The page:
While I am waiting for the start of the season along with a lot of folks in the colder regions, I thought I would start a thread about a big change to the Read to Succeed program this year.
The deal for the kids remains the same. In schools that participate, children up to age 13 can enter their reading logs for a total of 6 hours. A parent has to initial each entry. Once that is collected, the teacher sends the info to a coordinator in the school and that person sends in the schools envelope. They also have to log in each kid on line. In June the coordinator gives a child ticket to each kid who did it.
Up until last year teachers would only get a teacher ticket (Adult Admission) if they had ten or more participants in the class. Starting this year, teachers get an adult ticket even if they only have one student who does it.
There is a limited window for when the tickets can be used. It's usually from late June through mid August. The tickets are only good for one park.
Here is the link to the website for more info....
I just think that asking kids to read for 6 hours is generous. It should bbe more like 20 hours...but that's just me.
This must be a big money maker for the parks. They get a lot of adults to come because 13 year old kids can not get there themselves. Very clever marketing.
^Agree with the more than 6 hours reading requirement, but more towards the upper grades (4th, 5th, and 6th). The middle school I teach at requires the 5th and 6th grade kids to read 30 minutes a night as homework and have the reading log signed by a parent/guardian (which isn't asking a lot in my opinion--considering they seldom have additional homework in other subject areas).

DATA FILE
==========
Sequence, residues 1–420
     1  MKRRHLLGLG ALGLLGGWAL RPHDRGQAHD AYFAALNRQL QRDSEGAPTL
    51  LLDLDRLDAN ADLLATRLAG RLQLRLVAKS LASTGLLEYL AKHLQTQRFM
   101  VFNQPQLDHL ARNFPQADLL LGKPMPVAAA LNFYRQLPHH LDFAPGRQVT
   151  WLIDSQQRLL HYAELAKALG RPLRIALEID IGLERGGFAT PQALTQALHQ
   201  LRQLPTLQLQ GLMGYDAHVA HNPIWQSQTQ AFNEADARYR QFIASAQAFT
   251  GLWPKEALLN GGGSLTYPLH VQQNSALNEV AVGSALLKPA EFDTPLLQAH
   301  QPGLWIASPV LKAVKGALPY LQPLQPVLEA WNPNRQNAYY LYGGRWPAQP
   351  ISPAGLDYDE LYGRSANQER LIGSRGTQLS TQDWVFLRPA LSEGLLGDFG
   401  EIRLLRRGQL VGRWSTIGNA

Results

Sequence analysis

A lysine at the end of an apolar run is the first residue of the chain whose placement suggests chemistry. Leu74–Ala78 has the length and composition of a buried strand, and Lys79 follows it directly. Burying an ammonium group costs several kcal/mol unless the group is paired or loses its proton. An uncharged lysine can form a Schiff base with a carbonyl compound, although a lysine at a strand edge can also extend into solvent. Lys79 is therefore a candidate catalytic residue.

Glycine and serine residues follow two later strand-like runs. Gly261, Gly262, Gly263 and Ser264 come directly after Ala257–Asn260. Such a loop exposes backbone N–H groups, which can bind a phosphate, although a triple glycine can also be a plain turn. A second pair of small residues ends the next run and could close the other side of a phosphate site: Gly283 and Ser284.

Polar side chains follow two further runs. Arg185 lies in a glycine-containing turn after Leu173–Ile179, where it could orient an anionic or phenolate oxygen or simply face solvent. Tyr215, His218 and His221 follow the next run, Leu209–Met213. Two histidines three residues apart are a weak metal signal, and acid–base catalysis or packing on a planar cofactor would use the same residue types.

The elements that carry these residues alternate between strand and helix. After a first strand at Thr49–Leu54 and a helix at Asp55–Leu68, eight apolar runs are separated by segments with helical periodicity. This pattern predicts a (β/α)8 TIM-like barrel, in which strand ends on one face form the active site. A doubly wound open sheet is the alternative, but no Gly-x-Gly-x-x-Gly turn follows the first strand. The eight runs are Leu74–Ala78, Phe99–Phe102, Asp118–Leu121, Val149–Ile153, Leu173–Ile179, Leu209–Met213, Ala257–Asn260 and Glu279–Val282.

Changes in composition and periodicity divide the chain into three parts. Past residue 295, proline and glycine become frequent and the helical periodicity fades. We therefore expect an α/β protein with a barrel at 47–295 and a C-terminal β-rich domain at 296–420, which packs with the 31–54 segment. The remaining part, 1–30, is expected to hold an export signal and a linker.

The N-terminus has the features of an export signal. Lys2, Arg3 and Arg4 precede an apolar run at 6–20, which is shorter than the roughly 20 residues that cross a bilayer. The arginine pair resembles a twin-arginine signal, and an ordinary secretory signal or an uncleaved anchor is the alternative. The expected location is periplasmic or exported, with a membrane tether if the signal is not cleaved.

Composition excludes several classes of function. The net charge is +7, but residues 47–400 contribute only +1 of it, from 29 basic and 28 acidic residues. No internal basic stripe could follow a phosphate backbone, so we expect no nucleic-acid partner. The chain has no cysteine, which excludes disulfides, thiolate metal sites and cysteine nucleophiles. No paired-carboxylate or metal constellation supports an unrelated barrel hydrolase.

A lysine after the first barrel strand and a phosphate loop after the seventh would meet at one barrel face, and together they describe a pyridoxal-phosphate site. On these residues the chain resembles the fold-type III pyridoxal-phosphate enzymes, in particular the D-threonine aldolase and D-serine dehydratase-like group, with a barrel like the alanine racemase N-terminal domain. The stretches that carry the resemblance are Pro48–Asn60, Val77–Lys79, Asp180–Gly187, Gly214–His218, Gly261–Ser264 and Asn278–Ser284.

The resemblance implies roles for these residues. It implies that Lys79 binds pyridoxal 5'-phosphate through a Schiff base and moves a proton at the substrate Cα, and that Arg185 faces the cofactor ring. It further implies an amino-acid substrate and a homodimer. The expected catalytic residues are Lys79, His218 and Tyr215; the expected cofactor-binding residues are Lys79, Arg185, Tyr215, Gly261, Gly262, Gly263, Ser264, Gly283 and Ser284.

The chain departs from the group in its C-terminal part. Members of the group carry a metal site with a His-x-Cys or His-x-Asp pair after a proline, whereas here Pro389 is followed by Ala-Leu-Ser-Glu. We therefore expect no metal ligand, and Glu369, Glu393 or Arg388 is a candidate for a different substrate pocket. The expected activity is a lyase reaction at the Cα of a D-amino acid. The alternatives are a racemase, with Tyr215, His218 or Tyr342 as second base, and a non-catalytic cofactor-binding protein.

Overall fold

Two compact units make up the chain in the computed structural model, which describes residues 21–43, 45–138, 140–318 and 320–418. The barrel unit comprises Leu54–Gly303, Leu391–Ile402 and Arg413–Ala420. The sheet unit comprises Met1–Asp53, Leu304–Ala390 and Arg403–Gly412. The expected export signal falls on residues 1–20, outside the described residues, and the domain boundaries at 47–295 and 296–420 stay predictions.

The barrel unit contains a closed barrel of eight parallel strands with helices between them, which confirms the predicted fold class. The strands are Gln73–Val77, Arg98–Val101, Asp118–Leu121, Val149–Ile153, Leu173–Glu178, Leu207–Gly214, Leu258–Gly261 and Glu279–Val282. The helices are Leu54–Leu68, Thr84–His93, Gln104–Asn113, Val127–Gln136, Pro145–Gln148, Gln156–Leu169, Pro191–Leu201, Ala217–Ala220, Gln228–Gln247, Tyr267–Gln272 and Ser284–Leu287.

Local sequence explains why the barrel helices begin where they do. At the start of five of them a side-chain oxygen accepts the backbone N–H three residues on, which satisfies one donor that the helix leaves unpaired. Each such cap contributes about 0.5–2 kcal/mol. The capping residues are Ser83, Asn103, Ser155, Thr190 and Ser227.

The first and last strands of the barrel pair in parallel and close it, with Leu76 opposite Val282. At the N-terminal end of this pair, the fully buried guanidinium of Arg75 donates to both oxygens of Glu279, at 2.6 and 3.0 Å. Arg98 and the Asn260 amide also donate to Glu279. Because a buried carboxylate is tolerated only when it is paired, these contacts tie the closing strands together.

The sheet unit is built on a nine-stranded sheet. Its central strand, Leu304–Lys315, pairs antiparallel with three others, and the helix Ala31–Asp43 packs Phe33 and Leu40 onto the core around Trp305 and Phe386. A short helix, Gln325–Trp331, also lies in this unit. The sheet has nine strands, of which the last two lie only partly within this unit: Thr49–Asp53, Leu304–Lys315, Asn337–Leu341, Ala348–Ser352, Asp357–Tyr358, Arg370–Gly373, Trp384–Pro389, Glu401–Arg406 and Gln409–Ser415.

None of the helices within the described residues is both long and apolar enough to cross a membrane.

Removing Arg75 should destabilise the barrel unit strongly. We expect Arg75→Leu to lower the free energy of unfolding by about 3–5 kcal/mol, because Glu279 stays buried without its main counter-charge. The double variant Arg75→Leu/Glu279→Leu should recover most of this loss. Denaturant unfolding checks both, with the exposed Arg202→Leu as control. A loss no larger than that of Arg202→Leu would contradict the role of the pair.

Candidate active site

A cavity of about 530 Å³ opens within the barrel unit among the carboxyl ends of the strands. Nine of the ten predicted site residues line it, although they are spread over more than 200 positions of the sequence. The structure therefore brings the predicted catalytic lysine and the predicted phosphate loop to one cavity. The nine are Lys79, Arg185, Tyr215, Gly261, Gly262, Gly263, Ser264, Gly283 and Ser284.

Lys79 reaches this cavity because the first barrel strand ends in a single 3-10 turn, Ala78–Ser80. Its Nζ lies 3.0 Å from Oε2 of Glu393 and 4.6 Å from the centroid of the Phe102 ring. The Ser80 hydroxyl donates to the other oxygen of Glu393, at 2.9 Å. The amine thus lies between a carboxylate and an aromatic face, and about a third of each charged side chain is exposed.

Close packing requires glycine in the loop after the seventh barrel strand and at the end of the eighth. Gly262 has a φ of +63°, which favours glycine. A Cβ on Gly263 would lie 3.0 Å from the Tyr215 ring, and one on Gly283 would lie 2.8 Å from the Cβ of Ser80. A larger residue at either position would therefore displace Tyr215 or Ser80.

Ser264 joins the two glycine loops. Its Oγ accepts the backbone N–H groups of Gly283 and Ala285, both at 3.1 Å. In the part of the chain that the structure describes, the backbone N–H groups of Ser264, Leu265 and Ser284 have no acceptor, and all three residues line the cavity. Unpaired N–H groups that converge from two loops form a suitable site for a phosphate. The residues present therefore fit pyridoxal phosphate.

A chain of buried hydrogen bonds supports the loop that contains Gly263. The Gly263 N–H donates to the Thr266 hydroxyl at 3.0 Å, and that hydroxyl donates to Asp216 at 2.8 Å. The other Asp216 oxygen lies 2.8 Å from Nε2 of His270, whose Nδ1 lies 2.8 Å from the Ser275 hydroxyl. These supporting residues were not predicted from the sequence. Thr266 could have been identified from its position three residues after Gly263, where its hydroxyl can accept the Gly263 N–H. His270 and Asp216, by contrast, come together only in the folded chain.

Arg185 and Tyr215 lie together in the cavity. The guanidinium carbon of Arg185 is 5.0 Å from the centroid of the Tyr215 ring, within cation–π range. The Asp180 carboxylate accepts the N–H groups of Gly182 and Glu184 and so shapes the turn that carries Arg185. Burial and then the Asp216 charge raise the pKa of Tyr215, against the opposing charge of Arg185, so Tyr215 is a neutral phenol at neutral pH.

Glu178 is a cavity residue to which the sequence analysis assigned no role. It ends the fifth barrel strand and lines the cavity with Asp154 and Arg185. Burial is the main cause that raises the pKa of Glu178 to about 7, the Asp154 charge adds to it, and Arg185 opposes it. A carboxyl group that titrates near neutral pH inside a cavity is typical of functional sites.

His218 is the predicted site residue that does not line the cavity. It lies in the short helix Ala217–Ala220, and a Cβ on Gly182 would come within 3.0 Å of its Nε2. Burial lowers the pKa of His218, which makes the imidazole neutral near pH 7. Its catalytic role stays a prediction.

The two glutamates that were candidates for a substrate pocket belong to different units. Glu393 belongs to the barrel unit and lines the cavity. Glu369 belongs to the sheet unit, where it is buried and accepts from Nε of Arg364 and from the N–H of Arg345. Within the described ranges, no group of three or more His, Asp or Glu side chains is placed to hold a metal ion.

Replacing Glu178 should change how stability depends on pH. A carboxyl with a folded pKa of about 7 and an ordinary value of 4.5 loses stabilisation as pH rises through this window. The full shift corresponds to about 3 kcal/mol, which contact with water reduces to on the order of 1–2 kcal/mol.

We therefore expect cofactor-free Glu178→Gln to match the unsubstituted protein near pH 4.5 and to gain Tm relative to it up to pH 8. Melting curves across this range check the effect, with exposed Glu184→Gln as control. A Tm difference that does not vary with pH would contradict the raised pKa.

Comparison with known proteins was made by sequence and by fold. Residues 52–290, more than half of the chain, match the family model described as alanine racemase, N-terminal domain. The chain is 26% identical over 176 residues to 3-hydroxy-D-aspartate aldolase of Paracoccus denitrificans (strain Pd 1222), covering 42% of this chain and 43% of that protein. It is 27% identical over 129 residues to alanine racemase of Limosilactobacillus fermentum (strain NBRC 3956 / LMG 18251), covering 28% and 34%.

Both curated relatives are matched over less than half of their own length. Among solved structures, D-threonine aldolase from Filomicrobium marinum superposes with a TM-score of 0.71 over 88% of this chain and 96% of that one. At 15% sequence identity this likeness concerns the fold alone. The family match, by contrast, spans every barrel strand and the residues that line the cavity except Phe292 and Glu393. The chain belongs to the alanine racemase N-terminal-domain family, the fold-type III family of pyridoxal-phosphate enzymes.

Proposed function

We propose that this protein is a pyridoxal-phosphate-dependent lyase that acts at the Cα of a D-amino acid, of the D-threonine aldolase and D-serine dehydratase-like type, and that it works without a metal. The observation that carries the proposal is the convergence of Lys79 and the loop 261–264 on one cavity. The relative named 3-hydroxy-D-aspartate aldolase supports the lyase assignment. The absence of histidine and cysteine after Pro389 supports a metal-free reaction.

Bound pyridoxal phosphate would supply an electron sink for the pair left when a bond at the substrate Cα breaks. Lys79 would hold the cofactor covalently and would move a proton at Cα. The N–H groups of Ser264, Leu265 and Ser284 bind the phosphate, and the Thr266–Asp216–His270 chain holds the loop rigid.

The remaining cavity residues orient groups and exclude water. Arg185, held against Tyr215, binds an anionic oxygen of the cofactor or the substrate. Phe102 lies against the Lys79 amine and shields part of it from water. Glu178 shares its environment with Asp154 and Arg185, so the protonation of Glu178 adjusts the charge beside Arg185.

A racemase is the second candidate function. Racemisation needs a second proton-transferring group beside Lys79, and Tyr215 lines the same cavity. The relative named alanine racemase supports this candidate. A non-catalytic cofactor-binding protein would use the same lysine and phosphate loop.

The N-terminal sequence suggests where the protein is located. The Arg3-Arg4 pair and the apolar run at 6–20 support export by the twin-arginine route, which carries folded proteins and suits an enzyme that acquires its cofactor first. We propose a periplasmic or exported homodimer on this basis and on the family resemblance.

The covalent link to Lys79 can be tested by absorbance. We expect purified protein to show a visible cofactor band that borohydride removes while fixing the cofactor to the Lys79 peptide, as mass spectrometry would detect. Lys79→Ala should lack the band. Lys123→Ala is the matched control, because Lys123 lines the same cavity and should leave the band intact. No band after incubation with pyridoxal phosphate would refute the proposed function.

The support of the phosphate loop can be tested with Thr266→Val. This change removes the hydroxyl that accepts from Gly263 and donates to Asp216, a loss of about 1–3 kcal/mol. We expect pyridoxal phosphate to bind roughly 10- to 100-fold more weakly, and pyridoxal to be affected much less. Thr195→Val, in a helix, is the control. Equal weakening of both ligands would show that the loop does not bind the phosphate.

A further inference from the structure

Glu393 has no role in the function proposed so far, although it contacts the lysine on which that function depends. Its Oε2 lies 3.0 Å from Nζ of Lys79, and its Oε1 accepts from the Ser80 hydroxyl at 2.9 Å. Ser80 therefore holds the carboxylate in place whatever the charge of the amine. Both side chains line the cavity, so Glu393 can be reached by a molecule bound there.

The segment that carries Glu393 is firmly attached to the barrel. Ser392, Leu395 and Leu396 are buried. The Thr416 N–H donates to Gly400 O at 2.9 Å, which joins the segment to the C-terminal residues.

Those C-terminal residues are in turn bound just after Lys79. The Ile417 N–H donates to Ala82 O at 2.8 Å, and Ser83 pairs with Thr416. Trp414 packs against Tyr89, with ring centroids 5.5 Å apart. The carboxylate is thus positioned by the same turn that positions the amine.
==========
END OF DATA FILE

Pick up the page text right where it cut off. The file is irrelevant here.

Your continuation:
30 minutes a night x 180 days = 5,400 minutes; which is 90 hours by the time the school year is over with.
I've also always wonder how many kids are actually doing the required 6 hours of reading vs. adults just fudging the numbers so their kid gets a free ticket.
I would imagine the requirement for teachers was lowered because the redemption rate is insanely low. And I'm sure you're right. For a chain that gives away the gate anyway, this probably makes them a good chunk of money.Last edited by bigboy, Sunday, March 3, 2013 4:22 PM
My friend's son gets that coupon (I think) every year. All he does is read ten minutes a night before he goes to bed, and they hardly even check if the books a kid reads are age-appropriate.Last edited by blasterboy6500, Tuesday, March 5, 2013 5:18 PM
You must be logged in to post